The Financial Services Modernization Act of 1999 would make perfect sense in a world regulated by a gold standard, 100% reserve banking, and no FDIC deposit insurance; but in the world as it is, this "deregulation" amounts to corporate welfare for financial institutions and a moral hazard that will make taxpayers pay dearly. Such government privileges are nothing new to Republicans consider the effective subsidies to the pharmaceutical, sugar, and steel industries but this particular gift to financial institutions is what allowed the credit bubble to expand to such absurd proportions, because it allowed banks of all types to engage in increasingly risky transactions and to greatly expand the leverage of their balance sheets. As the crisis unfolds, credit continues to contract, the risk of bank failures increases, and the possibility of far more serious economic consequences become more apparent. The S&L crisis cost the taxpayers a few hundred billion, but this crisis has the potential of saddling the taxpayer with several trillion in bailouts.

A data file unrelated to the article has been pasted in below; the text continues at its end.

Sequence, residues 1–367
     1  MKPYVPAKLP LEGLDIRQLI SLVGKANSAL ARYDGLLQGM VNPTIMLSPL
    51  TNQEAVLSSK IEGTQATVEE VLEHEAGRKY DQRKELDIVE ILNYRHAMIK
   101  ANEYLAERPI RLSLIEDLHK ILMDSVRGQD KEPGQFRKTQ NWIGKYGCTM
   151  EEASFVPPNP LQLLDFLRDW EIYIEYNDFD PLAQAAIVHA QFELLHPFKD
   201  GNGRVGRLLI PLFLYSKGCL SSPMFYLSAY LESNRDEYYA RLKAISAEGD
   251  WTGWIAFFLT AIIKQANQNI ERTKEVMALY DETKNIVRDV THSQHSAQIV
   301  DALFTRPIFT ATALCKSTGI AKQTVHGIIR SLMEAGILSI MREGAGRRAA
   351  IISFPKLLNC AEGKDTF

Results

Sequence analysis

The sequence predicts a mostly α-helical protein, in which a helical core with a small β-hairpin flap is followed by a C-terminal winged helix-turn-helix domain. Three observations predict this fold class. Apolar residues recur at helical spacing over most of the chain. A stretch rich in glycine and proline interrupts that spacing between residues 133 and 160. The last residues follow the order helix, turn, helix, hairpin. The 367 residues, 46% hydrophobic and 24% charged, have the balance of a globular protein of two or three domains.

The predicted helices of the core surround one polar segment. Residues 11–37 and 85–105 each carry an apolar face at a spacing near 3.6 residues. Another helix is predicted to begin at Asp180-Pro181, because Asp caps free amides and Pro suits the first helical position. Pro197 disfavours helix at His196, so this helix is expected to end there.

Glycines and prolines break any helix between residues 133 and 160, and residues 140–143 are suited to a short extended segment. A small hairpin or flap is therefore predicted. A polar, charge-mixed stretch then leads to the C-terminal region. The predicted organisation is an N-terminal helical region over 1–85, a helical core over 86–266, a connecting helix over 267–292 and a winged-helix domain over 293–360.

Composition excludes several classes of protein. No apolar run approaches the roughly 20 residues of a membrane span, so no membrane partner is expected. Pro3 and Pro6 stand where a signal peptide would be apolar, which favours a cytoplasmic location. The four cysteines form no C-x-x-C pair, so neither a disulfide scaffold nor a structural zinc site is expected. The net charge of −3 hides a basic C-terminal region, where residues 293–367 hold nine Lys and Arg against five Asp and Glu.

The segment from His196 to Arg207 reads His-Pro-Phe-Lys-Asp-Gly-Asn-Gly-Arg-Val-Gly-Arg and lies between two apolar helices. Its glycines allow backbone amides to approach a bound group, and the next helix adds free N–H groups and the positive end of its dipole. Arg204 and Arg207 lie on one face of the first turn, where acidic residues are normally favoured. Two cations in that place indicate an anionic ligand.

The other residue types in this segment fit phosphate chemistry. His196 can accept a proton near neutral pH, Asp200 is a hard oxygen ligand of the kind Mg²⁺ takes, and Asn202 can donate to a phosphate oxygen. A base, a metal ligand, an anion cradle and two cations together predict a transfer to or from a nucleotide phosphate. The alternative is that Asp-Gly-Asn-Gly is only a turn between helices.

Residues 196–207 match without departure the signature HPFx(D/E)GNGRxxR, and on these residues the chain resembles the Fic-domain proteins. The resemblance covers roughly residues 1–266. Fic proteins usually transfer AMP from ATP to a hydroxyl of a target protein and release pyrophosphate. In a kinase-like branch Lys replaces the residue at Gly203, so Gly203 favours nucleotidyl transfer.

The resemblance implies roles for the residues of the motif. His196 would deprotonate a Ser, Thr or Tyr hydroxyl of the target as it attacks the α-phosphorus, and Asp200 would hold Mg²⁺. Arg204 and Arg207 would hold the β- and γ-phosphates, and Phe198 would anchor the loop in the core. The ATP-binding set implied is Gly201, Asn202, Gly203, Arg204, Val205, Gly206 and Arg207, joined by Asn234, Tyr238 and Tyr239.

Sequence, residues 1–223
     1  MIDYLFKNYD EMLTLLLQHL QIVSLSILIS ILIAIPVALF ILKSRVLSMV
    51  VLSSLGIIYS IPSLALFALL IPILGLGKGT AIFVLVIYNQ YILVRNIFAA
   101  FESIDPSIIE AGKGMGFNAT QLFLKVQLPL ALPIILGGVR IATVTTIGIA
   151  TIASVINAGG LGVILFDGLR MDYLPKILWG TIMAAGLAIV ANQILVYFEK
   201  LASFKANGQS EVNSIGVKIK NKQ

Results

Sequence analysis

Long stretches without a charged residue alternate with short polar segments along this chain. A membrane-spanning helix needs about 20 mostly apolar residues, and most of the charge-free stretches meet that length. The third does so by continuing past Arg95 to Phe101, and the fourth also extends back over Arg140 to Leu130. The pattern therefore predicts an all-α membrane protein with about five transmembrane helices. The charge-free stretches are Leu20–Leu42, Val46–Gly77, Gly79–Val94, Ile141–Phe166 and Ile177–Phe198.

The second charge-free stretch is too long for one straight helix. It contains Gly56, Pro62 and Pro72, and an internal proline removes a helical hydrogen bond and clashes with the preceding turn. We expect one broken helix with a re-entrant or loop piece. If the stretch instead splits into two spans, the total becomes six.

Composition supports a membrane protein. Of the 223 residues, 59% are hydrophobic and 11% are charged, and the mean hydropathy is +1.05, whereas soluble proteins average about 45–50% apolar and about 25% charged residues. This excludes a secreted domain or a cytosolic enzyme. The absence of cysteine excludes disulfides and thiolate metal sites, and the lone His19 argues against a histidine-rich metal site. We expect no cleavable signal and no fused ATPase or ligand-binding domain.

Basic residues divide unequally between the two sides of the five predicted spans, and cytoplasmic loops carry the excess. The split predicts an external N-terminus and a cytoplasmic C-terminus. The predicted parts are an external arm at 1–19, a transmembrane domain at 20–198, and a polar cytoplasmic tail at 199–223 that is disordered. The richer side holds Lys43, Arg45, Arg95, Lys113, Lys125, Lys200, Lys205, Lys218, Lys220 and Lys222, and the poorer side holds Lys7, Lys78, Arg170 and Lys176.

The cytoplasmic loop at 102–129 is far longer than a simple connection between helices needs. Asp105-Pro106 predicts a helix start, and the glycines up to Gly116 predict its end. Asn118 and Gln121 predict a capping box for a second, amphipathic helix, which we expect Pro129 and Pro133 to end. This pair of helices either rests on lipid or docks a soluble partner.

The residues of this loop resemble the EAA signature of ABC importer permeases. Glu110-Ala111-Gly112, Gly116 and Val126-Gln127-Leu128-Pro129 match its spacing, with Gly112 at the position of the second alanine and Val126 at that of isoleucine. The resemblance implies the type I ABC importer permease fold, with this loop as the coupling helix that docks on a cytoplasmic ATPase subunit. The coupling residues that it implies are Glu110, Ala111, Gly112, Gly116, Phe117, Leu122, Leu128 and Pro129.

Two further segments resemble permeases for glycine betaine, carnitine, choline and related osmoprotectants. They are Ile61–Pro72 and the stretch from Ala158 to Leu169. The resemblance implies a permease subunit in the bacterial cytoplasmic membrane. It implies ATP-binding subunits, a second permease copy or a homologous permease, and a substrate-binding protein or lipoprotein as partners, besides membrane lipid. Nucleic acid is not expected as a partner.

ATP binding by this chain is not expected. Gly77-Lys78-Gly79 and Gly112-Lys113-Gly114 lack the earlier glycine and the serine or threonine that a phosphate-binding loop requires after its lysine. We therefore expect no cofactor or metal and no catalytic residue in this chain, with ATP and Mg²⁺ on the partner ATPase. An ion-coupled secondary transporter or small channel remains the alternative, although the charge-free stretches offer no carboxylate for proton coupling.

So far, the Republican solution has been to bail out lenders wealthy financial-industry professionals for the most part who made unwise market decisions with subsidies and election-year subventions. With Hank Paulson, the former CEO of Goldman Sachs, as Secretary of the Treasury and the big banks on the Board of Directors of the New York Fed, it should not be too surprising that the Fed has been listening only to Wall Street while ignoring Main Street.